Automation and the Stock Market

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Absolutely any science fiction visualization of "the future" involves cars, airplanes, and space ships capable of driving themselves while humans relax on easy street.  While the meals in pill form seem to be taking much longer than anticipated, the automation of the transportation industry presents a fantastic game-changer for not just the United States, where 3 million drivers will need to find a new career, but the human race writ large.  Google cars haven't hit the market yet (though they've hit the roads, racking up over a million self-driven miles) and likely won't do so for the next 2 to 3 years.  It doesn't take much in-depth analysis to conclude that Google and its sister companies will benefit the most from this automation, in addition to all of us who won't have to fight rush-hour traffic, but what other companies will see their value shoot through the roof once we can direct a driverless car where we need to be?

Time To Buy Today

Without a doubt the best value stock for automated cars today is MobilEye (MBLY on the NYSE, trading for $56.31 a share), one of the world's leading manufacturers of motion cameras.  Since a robot, just like a human, can only drive a car when there's a clear picture of the road about it, the progress of automated cars depends on the progress of image capturing and real-time data feeds.  MobilEye has two feet out of the starting gate thanks to its lucrative contracts with existing auto manufacturers, including GM, Ford, Volvo, BMW, and Hyundai, which makes them the camera equivalent of a Bridgestone or Goodyear.  The imperative to buy today, furthermore, is the fact that the company's stock has tumbled within just the past week, losing about 10% value in the dying days of August, after shooting up almost unchecked in the six months prior.  MobilEye stock leaped by no less than 80% between March and July, indicating a fantastic growth rate for a young company with all the cards up its sleeve that it needs to survive and thrive.  The temporary downturn is just that; temporary.  Snatch up this stock for both good value and good growth, counting yourself lucky to get in on the equivalent of Apple stock in 1998.  There's a few other contenders for this crown, but none have such a sweet asking price: General Dynamics (GD on the NYSE, trading for $143.59 a share) has a far higher price and is riding a momentum wave as high as it can go.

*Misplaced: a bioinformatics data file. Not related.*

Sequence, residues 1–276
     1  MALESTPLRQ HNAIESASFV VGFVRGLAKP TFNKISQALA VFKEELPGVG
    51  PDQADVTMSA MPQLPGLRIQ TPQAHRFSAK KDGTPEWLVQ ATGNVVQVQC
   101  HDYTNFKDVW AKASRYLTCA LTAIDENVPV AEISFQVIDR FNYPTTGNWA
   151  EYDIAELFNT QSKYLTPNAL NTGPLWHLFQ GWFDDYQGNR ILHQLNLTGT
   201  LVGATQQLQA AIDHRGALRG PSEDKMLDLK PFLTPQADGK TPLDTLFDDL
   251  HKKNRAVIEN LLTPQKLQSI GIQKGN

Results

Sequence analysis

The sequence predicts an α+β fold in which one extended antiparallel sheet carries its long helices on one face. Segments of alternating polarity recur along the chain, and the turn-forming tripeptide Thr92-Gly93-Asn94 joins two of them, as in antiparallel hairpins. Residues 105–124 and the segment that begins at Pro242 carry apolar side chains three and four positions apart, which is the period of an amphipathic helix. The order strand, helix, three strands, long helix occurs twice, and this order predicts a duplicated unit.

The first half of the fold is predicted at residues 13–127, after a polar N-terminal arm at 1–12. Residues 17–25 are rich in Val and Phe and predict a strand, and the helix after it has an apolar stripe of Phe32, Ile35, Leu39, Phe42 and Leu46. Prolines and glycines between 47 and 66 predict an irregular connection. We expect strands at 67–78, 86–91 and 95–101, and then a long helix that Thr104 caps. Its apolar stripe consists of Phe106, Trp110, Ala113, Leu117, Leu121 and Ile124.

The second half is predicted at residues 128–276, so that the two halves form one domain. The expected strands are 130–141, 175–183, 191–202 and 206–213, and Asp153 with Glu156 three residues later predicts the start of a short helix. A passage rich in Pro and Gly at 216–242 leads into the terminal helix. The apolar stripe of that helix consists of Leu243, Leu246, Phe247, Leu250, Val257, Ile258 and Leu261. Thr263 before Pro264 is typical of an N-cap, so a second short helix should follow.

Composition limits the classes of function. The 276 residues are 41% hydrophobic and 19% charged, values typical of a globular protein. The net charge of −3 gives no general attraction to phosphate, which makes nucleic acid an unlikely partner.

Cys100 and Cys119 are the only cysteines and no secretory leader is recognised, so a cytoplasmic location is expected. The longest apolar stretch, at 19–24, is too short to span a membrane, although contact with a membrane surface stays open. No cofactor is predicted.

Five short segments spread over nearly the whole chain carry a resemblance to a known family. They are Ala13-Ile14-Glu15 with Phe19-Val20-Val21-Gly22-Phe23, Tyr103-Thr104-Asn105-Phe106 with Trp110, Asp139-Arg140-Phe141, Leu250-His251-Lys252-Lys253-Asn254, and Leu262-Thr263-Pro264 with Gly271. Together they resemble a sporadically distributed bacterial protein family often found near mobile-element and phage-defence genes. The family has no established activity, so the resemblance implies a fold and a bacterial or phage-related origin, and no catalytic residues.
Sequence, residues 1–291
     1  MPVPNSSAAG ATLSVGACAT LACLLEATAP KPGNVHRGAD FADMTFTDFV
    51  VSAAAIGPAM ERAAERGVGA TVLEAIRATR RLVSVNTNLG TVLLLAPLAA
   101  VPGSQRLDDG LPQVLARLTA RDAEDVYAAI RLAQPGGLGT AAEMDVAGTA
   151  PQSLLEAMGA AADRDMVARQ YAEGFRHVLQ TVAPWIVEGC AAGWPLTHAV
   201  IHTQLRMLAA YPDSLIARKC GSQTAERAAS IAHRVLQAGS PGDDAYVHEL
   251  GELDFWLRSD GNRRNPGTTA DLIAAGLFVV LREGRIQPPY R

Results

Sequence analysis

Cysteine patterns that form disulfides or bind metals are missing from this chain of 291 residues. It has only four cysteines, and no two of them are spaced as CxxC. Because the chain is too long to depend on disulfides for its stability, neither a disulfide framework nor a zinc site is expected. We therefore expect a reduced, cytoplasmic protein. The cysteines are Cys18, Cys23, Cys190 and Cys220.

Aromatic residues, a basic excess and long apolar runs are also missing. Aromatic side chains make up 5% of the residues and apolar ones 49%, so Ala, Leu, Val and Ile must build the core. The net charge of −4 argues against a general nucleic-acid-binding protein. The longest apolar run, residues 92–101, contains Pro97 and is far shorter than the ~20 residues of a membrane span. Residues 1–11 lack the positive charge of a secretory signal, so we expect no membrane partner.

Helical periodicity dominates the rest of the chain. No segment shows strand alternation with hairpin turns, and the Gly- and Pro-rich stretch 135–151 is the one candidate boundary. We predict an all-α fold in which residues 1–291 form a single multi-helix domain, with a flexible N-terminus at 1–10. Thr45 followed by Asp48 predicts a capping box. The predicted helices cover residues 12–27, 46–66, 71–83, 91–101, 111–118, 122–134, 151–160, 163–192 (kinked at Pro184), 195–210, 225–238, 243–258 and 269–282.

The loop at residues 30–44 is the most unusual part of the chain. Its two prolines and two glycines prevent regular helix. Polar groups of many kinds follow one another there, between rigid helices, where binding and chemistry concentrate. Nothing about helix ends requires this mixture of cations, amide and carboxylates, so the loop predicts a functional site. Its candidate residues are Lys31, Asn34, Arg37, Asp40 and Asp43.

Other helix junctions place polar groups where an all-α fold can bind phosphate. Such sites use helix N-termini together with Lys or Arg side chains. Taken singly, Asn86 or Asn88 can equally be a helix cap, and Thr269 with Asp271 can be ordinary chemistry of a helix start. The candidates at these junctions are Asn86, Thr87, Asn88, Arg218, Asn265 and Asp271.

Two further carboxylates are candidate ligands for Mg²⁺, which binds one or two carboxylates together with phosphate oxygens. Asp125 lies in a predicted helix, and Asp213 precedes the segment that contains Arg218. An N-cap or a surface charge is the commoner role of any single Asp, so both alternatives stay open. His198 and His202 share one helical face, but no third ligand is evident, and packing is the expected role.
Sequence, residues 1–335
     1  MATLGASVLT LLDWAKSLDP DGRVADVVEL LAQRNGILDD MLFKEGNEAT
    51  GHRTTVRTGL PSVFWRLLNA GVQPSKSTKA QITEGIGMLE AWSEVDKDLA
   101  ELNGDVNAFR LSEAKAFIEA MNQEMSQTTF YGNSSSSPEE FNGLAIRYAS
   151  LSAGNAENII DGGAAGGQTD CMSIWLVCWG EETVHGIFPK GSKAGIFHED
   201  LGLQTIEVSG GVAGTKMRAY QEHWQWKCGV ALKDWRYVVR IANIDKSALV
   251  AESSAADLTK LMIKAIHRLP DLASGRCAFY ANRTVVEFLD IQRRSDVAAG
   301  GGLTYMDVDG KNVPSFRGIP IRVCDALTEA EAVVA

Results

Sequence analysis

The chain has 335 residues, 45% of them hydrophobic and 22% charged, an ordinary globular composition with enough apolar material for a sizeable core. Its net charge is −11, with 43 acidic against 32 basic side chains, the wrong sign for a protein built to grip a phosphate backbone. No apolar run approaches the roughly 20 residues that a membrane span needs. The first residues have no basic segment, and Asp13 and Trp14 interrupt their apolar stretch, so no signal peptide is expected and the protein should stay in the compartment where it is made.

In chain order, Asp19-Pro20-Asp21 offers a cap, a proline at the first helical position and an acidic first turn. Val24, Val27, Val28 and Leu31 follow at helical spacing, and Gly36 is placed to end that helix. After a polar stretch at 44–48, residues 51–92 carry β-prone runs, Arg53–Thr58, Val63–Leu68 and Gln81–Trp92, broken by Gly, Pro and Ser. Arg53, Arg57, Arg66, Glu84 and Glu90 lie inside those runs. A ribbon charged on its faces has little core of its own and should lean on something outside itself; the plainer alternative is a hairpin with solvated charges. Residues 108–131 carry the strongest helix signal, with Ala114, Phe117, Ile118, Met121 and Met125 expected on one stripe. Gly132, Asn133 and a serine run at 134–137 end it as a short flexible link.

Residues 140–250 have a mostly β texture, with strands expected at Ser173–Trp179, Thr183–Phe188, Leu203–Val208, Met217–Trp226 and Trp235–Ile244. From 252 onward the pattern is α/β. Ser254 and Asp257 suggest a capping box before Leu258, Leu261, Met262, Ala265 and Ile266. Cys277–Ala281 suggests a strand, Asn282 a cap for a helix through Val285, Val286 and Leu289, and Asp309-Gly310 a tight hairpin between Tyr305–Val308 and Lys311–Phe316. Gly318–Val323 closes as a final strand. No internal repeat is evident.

Time To Buy Soon

A standard car purchased from a standard show lot contains a bevy of safety features to protect driver and passengers.  What safety features, however, need to be implemented in a self-driving car?  It's a question without any real answers since the technology remains very much in the drawing-board state.  Delphi Automotive (DLPH on the NYSE, trading for $75.27 a share) has been working to come up with a solution for each such issue by manufacturing high-tech safety systems that allow vehicles to communicate with one another to maintain safe distances and speeds on a robot-populated highway.  Delphi doesn't have as many contracts with major auto manufacturers as MobilEye, but the ones they do are plenty green.  Audi uses their safety protocols for their in-design fleet of automated vehicles, for instance, while GM decided to buy Delphi's component and steering divisions part and parcel in 2009 for a price tag of three and a half billion dollars.  Delphi isn't a buy-today stock, however, because the company's reorganization has sent their value down in the past two months: odds are good it'll drop further within the next 12 weeks.  Keep it on the short-term horizon and buy aggressively if Delphi stock drops below $60 a share to hit a 52-week low.  With a 5-year projected growth rate of over 15%, Delphi is a slow and steady stock for a portfolio that could grow much faster than anticipated if lightning strikes.

Time To Buy...Eventually

When a company offers nothing but car rides, they can rake in a lot of money by cutting out the middleman and replacing them with unpaid middle-robots.  Uber has yet to go public with their company, preferring (for the moment) to ride out a wave of rapid expansion and look for the possibility of a fantastically lucrative buy-out package for its development executives.  There's no doubt that Uber would be worth more on the open market today than almost any other independent company (look no further than Snapchat, an app worth much less, that rejected a $4 billion offer from Google) and the instant that they decide to go public, their stock represents a fantastic buy.  Since they may not go public for years, however, it's something of an academic point.  The same is true by and large of Lyft, a competitor to Uber that hasn't gotten as much press as their big sibling rival.  Keep a close eye on the horizon for both lucrative buyouts or IPOs of transportation apps.

  • The Takeaway: anyone who doesn't keep Google stock in their portfolio doesn't deserve a nest egg, but Google won't be the sole breadwinner when automated vehicles leave the test pavement and hit the roads.  In fact, given the small stature of some companies like MobilEye, they won't even be the fastest growers in the new market.  Buy stock in Mobileye as soon as humanly possible to get the best possible value on the investment, since their stock price will gain incredible traction, and consider investing in similar robotics companies that have made developed contracts with automakers.
  • Some stocks will perform slower but have ample room to grow.  Delphi won't shoot up overnight but provides an excellent revenue stream for a portfolio in search of stability or low volatility.  Consider Delphi stock in a mutual fund like the American Beacon Mid Cap, currently enjoying a solid 1.65% growth on a very poor mutual fund market.

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